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Thread: Why should I root my device

  1. #1
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    Why should I root my device

    Why Should I Root My Android device?



    Despite being such an “open” mobile operating system, all Android phones in the market today come with a few limitations. These are actually safety mechanisms put in place for more security and to ensure that (inexperienced) users don’t mess up their devices. For enthusiasts, though, these safety mechanisms are limitations. Limitations that limit how they get to use a device they own.

    Rooting is how users can lift these limitations and use the device the way they want to and not how the manufacturer wants them to.

    By definition, gaining superuser permissions or, as it is more popularly known, rooting your Android smartphone/tablet is the process by which you bypass the limitations put in pace by your device manufacturer to become the true master of your device.

    Didn’t get that? Well, all you basically need to know is that once you root your device, you will be able to;
    - Use software that is more powerful than the “non-root” software and in the process of doing so
    - Have a whole lot more control on your device than you would without rooting.

    How exactly? Well, you’ll have to read past the break for that!

    Advantages

    One of the chief reasons to root your device two years back was to get access to missing features such as multi-touch, Wi-Fi-tethering and Apps2SD. Ever since Google included these features in Android itself, rooting has lost some of its charm but certainly not all of it.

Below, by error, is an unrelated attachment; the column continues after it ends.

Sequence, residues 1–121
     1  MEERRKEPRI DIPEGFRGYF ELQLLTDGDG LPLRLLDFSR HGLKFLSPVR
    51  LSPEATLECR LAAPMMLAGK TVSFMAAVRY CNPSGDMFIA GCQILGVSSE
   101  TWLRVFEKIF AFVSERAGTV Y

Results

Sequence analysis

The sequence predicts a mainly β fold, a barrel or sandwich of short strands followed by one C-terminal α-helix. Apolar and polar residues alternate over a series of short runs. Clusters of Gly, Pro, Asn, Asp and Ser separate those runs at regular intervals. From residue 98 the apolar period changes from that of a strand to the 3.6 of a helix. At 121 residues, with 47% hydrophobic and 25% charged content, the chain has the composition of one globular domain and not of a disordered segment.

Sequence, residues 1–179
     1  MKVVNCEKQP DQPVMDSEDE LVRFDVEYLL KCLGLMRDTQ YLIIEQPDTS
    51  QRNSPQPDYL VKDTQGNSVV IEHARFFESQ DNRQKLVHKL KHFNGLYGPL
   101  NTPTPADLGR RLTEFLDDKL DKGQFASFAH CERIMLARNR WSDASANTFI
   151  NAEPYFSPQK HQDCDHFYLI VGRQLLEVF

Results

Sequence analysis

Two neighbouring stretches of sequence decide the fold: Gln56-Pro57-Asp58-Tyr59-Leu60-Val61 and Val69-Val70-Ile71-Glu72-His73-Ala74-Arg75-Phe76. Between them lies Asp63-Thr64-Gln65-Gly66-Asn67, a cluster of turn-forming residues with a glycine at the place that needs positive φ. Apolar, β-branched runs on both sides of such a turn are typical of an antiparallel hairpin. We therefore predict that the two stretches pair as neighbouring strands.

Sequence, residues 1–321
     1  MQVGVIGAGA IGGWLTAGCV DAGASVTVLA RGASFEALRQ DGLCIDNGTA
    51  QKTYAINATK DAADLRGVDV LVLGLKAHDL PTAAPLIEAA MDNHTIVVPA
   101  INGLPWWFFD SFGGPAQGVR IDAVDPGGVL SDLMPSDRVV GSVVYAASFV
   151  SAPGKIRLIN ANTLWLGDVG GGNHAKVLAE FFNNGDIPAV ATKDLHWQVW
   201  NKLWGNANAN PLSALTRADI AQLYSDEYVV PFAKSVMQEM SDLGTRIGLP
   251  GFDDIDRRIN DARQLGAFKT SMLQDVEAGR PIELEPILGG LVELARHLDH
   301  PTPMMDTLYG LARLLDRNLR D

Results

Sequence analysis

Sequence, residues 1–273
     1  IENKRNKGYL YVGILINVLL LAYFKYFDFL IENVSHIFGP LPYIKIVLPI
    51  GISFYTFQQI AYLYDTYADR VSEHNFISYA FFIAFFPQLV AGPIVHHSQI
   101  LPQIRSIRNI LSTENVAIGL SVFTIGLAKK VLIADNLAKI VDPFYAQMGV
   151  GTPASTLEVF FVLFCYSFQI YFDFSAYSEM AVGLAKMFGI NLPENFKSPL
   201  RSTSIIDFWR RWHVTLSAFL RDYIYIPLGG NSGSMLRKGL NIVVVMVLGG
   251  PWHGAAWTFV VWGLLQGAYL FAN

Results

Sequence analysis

Crazy-Powerful Apps

    Currently, the greatest advantage that rooting provides is the ability to install powerful applications that require more-than-usual privileges to your device. Examples of this:

    Root Explorer which lets you access and edit/system on your memory
    SetCPU which lets you speed up or slow down your chip for more performance/battery life
    ProxyDroid to connect to Wi-Fi networks which have proxy settings,
    Market Enabler to access Google Play in other countries (for specific apps)
    GooManager to manage custom ROMs
    Chainfire3D to run NVIDIA Tegra games on other, unsupported phones
    and tons more! Just search for root on Google Play to see some of the root-only apps.

    Better Backup And Restore

    Android’s built-in backup and restore functionality is pretty weak. Third-party alternatives do a much, much better backup and restoring, but the best ones require root access e.g.

    Titanium Backup lets you backup all of your apps and settings locally as well as on Dropbox and
    ClockworkMod Recovery lets you take nandroid backups which are complete images of each and everything on your device. Restoring a nandroid backup means going back to your previous configuration with nothing lost.

    Ability To Flash Custom ROMs

    Not satisfied with the stock configuration of your device? Don’t like Samsung’s colorful, iOS-like TouchWiz UX? Don’t like apps from T-Mobile/Verizon?

    Fret not! After rooting your device, you can flash a custom ROM. These are heavily-modified versions of Android which offer more features, better performance and even all new user-experiences.

    May damage your phone if managed improperly

    This is the quote that comes to mind after rooting your device. Gaining root access opens your device to a whole new world of powerful options. Powerful options that can, if used improperly, wreak havoc, mostly on your own phone.

    Yes, if you install the wrong app or not properly follow instructions when rooting your device or flashing a new ROM, you may “brick” your device. Bricking, to be honest, is rare in the Android community but does happen so you have to be really, really careful.

    Now, in the case that you do damage your phone, you take it to your local retailer and they find out that your phone was rooted, then they will probably not repair your device even if you’re not out of the warranty period yet. Rooting voids your warranty. You are responsible to take care of your device if you root it.